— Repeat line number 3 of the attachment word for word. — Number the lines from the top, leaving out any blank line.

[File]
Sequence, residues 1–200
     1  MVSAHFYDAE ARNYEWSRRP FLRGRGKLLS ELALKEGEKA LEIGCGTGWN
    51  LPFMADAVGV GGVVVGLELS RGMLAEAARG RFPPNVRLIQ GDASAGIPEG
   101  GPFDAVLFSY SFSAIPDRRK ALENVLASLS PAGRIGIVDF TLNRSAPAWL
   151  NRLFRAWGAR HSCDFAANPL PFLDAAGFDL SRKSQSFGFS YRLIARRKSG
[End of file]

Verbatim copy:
    51  LPFMADAVGV GGVVVGLELS RGMLAEAARG RFPPNVRLIQ GDASAGIPEG